Appendix B

Speaker, Moderator, and Panelist Biographies

Amy P. Abernethy, M.D., is a tenured associate professor in the Duke University Schools of Medicine and Nursing, director of the Duke Cancer Care Research Program, and a medical oncologist and palliative medicine physician. She is an appointee to the Institute of Medicine’s (IOM’s) National Cancer Policy Forum, president-elect of the American Academy of Hospice & Palliative Medicine, a member of the board of directors for the Personalized Medicine Coalition and of the Advisory Board for the Rapid Learning System for Cancer for the American Society of Clinical Oncology, and co-chair of the National Institutes of Health (NIH)–funded Palliative Care Research Cooperative Group. Dr. Abernethy participates integrally in international discussions about reforming the evidence development system, presenting a model for rapid learning health care by coordinating clinical and research functions to better serve patients’ needs in an evidence-driven, cost-effective, and patient-centered manner.

Dr. Abernethy is an internationally recognized expert in health services research and delivery in patient-centered cancer care. She directs the Duke Cancer Care Research Program, which conducts patient-centered clinical trials, analyses, and policy studies. The Duke Cancer Care Research Program maintains a large portfolio of NIH, National Cancer Institute (NCI), Agency for Healthcare Research and Quality (AHRQ), philanthropic, and private funding. All studies make use of, and simultaneously contribute to the development of, an integrated data system that coordinates diverse



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Appendix B Speaker, Moderator, and Panelist Biographies Amy P. Abernethy, M.D., is a tenured associate professor in the Duke University Schools of Medicine and Nursing, director of the Duke Cancer Care Research Program, and a medical oncologist and palliative medicine physician. She is an appointee to the Institute of Medicine's (IOM's) National Cancer Policy Forum, president-elect of the American Academy of Hospice & Palliative Medicine, a member of the board of directors for the Personalized Medicine Coalition and of the Advisory Board for the Rapid Learning System for Cancer for the American Society of Clinical Oncology, and co-chair of the National Institutes of Health (NIH)funded Palliative Care Research Cooperative Group. Dr. Abernethy participates integrally in international discussions about reforming the evidence development system, presenting a model for rapid learning health care by coordinating clinical and research functions to better serve patients' needs in an evidence- driven, cost-effective, and patient-centered manner. Dr. Abernethy is an internationally recognized expert in health services research and delivery in patient-centered cancer care. She directs the Duke Cancer Care Research Program, which conducts patient-centered clinical trials, analyses, and policy studies. The Duke Cancer Care Research Pro- gram maintains a large portfolio of NIH, National Cancer Institute (NCI), Agency for Healthcare Research and Quality (AHRQ), philanthropic, and private funding. All studies make use of, and simultaneously contribute to the development of, an integrated data system that coordinates diverse 109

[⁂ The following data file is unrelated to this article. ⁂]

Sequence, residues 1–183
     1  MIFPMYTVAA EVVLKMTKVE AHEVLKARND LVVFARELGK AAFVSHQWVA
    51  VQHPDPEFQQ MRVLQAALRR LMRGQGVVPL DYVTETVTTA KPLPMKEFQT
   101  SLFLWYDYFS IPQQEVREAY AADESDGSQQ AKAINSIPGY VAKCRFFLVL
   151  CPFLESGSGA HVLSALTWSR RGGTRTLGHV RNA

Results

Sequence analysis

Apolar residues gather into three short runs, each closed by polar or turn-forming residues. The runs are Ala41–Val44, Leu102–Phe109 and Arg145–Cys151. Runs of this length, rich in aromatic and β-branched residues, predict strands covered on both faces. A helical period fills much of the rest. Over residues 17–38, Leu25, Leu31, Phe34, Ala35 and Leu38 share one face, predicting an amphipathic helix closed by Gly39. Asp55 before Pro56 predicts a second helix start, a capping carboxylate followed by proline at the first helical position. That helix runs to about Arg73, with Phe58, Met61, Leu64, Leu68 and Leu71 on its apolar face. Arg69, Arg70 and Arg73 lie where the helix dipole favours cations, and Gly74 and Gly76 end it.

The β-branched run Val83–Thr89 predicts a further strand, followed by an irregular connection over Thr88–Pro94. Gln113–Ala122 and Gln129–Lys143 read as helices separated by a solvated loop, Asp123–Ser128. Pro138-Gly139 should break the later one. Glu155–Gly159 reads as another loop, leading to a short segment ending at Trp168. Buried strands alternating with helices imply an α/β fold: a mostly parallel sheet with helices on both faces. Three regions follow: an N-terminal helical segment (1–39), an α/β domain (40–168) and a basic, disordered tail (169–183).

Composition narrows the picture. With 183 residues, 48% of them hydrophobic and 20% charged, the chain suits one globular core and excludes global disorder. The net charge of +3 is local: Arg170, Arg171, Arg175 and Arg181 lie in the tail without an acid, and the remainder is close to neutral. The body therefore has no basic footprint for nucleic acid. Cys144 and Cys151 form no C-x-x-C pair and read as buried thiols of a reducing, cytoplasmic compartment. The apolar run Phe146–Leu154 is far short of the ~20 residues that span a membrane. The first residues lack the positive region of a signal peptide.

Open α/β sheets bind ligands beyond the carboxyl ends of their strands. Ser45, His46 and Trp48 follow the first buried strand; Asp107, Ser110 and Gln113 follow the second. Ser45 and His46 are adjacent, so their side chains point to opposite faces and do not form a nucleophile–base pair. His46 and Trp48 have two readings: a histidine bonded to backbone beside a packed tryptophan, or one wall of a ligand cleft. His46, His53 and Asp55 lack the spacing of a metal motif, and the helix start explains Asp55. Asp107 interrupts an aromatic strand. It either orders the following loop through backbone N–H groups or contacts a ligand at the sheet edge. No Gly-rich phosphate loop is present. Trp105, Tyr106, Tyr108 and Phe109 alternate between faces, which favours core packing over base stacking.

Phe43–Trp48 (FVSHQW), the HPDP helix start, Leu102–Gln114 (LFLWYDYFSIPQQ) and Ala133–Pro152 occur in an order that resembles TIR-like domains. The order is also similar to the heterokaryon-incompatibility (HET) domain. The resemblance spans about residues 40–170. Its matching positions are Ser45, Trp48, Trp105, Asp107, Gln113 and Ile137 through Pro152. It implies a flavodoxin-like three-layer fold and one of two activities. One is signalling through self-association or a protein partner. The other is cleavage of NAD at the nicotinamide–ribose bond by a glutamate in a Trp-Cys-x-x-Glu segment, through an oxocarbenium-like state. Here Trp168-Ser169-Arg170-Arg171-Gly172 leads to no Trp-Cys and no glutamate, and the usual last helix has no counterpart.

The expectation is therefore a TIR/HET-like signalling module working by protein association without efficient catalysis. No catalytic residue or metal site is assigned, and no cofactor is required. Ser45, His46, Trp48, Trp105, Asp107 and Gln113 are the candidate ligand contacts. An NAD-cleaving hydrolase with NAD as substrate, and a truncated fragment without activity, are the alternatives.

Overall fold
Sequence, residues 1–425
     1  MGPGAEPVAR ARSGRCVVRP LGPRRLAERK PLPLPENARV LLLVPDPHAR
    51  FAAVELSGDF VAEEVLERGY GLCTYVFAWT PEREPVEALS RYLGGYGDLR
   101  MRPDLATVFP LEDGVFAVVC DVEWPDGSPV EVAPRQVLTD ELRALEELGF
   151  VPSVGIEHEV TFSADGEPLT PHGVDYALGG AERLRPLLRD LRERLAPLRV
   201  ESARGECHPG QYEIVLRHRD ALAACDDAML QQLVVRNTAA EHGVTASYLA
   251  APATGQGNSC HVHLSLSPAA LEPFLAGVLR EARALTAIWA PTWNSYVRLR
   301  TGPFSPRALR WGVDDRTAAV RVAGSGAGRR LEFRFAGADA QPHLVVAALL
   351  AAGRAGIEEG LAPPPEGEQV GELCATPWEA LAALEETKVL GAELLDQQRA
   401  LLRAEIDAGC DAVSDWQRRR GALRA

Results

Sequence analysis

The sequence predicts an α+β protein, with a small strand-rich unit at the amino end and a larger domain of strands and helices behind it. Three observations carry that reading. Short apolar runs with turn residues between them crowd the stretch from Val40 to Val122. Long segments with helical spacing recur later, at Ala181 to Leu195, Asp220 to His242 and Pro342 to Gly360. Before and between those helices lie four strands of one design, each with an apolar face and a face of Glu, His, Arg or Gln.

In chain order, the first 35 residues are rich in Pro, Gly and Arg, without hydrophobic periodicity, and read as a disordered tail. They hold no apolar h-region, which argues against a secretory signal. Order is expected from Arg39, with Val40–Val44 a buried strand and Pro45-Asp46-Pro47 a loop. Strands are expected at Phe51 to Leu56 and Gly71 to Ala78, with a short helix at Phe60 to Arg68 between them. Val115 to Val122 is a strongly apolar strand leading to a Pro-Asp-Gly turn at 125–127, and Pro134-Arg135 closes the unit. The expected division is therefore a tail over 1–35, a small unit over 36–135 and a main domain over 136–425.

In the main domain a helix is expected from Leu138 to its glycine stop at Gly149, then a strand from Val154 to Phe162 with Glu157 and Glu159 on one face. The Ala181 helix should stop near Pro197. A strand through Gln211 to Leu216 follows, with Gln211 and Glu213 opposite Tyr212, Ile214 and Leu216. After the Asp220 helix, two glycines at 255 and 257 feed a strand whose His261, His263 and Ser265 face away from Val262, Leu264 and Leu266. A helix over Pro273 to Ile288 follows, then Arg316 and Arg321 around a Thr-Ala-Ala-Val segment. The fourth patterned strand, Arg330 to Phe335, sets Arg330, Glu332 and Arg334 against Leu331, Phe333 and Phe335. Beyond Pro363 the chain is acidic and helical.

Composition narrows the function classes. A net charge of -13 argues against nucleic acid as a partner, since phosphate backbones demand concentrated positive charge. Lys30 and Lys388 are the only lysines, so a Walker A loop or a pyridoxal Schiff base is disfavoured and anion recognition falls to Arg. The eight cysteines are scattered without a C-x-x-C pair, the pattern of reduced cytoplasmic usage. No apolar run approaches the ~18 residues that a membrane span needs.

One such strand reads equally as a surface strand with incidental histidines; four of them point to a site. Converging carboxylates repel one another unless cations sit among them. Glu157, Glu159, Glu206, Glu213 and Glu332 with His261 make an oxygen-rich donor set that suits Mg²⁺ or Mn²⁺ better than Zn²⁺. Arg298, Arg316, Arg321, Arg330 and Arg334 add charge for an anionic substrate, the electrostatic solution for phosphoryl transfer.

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110 INFORMATICS NEEDS AND CHALLENGES IN CANCER RESEARCH datasets, leverages novel information technology for patient reporting of symptoms and other concerns, informs future studies, and facilitates patient education and patientprovider communication. Dr. Abernethy is coprincipal investigator (PI) of the NIH-funded Palliative Care Research Cooperative Group and co-PI of an NCI-funded faculty development (K01) program in comparative effectiveness research to develop the research workforce of the future. Asif Ahmad, M.B.A., M.S., joined US Oncology, now a part of M cKesson Specialty Health, in 2010 as the executive vice president, Technology Ser- vices. He currently manages Information and Technology Services, where he is responsible for leading the development and evolution of strategy related to information technology (IT) and the company's several IT-based busi- nesses and services. Mr. Ahmad served as vice president, Diagnostic Service, and chief information officer and associate dean, Academic Computing and Imaging, School of Medicine at Duke University Health System and Medical Center from 2003 to 2010. Prior to that, he was administrator and chief informa- tion officer at the Ohio State University Health System and Medical Center. He earned an M.B.A. at Max M. Fisher College of Business and an M.S. in biomedical engineering at the Ohio State University. He received his B.S. (honors) in electrical engineering from the University of Engineering and Technology in Lahore, Pakistan. Sam Butler, M.D., brings a wealth of knowledge to Epic's Clinical Infor- matics Team, with 8 years of senior-level experience in multispecialty medi- cal group management, along with 14 years of clinical practice experience. He helps to guide the direction of Epic's applications. He is heavily involved in the creation and development of Epic and third-party content for use in clinical applications. Dr. Butler has a B.S. in interdisciplinary science and received his M.D. from the University of Florida. Atul Butte, M.D., Ph.D., is chief of the Division of Systems Medicine and associate professor (tenured) of pediatrics and, by courtesy, m edicine and computer science, at Stanford University and Lucile Packard Chil- dren's Hospital. Dr. Butte trained in computer science at Brown University, worked as a software engineer at Apple and Microsoft, received his M.D. from Brown University, trained in pediatrics and pediatric endocrinology at Children's Hospital Boston, and received his Ph.D. in health sciences and